SPEARFISH — Though it wasn’t on the city of Spearfish’s wish list, the recent move by the Lawrence County Commission to “gift” a portion of Christensen Drive to the city has prompted discussion on how to handle the proposed transfer.
Mayor Dana Boke explained during the discussion items on Monday’s city council meeting that the county held a public hearing July 9 on a resolution modifying the county road system to transfer an approximately 1-mile portion of Christensen Drive, from Colorado Boulevard to Jeffries Ranch Road, to the city. About half of the portion of roadway from Colorado Boulevard is paved, and it then becomes gravel.
“We were not informed that they were doing that,” she said, describing that she spoke at the public hearing and let them know that the city council had not discussed the topic and that the city considered Christensen Drive a major arterial road for the county. “Their stance is if there is going to be development on that road, they want us to take it over and make all decisions on access points, and so that’s kind of where it sits.”
Boke said that staff has discussed the issue internally since the county passed its resolution.
“What I would like to do it put it on the Public Works (Committee) agenda to review the resolution that we had passed, review Christensen Drive, to review some other areas, and bring something to the council.”
Council President Dan Hodgs said he thought that was “a great plan.”
“It just gives us a couple weeks to get our information together again and review what they want to do,” Boke said, asking if staff had anything to add.
City Administrator Mike Harmon said that the only thing he would add, “to provide a level of comfort to the council,” in that the staff’s understanding from the state Department of Transportation, the county cannot unilaterally give a road to the city, that that must be a joint decision.
“That is the DOT’s preferred approach, and it’s our understanding that it’s still their approach to transferring road jurisdiction,” he said.
“So it does take both parties,” Boke said, adding that Christensen Drive’s road surface is 20 years old at this point in time, “so it’s not in tip-top shape,” she said.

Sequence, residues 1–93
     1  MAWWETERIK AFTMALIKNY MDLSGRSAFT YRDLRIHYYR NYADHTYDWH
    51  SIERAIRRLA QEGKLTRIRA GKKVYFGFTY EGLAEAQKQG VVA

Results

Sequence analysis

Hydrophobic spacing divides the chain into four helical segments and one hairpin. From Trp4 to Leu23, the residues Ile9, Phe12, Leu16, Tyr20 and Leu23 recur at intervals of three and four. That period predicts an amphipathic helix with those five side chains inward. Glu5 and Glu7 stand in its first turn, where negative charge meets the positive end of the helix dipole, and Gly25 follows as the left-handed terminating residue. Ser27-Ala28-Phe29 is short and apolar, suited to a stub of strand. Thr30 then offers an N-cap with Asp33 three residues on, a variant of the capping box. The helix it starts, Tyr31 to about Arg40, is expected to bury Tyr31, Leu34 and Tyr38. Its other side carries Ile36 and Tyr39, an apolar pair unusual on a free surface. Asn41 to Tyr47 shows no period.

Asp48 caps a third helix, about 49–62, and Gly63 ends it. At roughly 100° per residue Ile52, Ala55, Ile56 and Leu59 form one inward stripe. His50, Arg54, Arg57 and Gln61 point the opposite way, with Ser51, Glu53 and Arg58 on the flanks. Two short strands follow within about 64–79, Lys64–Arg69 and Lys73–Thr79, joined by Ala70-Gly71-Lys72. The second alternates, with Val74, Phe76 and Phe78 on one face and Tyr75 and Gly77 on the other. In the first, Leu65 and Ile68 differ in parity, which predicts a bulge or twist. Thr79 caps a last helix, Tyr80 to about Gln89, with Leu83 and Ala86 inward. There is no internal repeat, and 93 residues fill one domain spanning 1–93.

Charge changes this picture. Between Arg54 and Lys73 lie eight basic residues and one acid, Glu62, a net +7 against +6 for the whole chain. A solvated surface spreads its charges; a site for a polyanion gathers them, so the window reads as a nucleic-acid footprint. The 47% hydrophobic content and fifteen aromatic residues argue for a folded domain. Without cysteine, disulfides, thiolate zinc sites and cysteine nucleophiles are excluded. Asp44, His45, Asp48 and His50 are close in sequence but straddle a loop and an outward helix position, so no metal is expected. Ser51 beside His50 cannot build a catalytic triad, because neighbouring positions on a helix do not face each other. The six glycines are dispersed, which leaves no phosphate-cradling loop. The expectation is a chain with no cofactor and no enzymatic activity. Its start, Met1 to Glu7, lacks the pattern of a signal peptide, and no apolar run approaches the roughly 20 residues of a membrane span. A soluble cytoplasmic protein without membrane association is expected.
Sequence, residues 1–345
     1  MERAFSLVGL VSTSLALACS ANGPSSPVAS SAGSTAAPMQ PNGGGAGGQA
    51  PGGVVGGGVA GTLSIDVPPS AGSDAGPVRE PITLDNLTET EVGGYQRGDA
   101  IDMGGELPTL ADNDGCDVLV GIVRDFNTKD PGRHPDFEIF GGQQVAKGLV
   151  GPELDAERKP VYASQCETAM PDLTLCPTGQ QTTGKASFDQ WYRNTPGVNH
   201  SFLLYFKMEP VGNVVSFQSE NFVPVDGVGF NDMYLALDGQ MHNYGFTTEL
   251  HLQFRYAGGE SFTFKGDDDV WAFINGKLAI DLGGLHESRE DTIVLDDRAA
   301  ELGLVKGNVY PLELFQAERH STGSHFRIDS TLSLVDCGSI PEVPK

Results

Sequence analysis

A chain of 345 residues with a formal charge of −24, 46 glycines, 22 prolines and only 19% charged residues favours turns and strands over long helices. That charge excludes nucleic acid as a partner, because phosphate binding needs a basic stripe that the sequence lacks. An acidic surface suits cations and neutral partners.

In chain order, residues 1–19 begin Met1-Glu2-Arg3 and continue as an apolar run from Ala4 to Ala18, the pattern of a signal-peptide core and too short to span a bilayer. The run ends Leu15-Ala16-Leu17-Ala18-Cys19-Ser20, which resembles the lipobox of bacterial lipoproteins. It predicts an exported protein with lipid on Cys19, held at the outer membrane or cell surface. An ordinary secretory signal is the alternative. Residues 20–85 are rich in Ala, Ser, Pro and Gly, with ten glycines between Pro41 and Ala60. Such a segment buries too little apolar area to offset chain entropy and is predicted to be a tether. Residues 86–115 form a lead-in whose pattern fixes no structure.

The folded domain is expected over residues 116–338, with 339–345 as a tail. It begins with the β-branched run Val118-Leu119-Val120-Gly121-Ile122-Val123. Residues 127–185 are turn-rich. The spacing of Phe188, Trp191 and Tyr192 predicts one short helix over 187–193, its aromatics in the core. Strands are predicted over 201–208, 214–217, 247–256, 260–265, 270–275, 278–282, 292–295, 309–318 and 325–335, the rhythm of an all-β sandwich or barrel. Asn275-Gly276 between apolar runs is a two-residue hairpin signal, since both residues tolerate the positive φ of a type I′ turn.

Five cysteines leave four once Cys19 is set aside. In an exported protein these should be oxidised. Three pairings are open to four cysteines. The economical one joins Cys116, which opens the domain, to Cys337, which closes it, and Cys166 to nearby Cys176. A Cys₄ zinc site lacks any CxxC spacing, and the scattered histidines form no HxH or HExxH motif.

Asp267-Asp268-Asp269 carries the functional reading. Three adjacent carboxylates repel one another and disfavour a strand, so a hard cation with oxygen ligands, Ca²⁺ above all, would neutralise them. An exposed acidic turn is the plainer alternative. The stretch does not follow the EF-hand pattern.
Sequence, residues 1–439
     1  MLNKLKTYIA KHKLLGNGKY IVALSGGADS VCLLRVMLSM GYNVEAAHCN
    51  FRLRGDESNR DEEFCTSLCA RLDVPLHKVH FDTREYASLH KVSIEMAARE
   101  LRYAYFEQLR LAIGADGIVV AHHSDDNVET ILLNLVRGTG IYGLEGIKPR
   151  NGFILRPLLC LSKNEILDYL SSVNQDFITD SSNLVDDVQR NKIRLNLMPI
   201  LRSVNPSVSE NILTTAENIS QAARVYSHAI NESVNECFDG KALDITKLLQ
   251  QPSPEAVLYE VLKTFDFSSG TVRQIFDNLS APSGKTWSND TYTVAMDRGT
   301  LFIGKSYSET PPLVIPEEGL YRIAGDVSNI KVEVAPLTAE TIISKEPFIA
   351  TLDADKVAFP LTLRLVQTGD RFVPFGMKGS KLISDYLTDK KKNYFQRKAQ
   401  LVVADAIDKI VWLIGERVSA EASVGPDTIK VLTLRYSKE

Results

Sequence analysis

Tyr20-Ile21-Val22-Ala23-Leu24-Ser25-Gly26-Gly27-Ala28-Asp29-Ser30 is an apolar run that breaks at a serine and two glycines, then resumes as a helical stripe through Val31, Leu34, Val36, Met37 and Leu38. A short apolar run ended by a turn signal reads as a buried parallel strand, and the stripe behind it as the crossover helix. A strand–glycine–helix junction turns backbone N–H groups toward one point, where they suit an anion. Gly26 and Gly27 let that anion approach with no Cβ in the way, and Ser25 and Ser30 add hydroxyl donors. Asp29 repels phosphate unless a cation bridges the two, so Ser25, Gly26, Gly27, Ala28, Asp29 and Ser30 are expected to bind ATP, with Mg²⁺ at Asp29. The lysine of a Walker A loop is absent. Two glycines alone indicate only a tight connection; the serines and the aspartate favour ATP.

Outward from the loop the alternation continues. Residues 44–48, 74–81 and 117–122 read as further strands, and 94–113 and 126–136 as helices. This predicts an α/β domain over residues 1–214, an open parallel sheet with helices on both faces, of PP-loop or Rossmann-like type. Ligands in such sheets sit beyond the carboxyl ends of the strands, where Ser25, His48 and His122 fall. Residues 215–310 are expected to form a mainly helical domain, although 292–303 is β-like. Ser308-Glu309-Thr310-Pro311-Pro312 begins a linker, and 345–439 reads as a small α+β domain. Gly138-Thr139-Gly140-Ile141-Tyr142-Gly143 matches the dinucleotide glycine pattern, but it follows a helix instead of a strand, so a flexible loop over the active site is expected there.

The next Public Works Committee meeting is at 4:15 p.m. Tuesday, July 30 in Spearfish City Hall.
The Lawrence County Commission first discussed the transfer of a portion of Christensen Drive June 25, following the presentation of a proposed voluntary annexation and rezoning of approximately 293 acres of property south of East Colorado Boulevard and west of Christensen Drive, with approximately 400 homes planned.
Though a formal application has not been filed, the applicant, Miller Ranch LLC, has sought feedback from the city of Spearfish regarding the proposed land use and been directed to seek approvals from Lawrence County and the South Dakota Department of Transportation prior to filing a formal application with the city.
Until any change in road jurisdiction is finalized, the county has the authority to grant access permission to and from Christensen Drive, with the state DOT providing access approval for Colorado Boulevard, so city staff explained that the review of the project would follow a modified process, with the planning commission and city council providing preliminary input and recommendation before the applicant submits access approvals to the county and state, followed by an application to the city.
During the Lawrence County Commission’s meeting and public hearing July 9, a packet providing the rationale for transferring the portion of Christensen Drive to Spearfish included the following points: For at least 20 years, the city has been involved in the planning, design, and maintenance of the roadway; the city has planned, designed, installed, and currently maintains certain improvements such as municipal water lines, sewer lines, sewer stubs, utility access, pavement and guard-rail within the right-of-way; the city hasn’t sought or been granted permission by the county to install and/or maintain the above-referenced improvements within the right-of-way; the city imposed a special assessment/front-foot assessment upon city residents owning property along Christensen Drive; in 2000, the city passed a resolution levying assessments for the Christensen Drive Improvement Project; and the city has annexed areas along both sides of the road.
The rationale also states that state law provides that the Department of Transportation may, at its discretion, extend the state trunk highway system to include any street or streets within the limits of any first- or second-class municipality if necessary to make a continuous route for any state trunk highway through the municipality. But there is no similar statute authorizing a county to extend its highway system through a municipality.
Over the years, the city and county have had ongoing discussions regarding transfer of this portion roadway, with no agreement resulting from the discussions.
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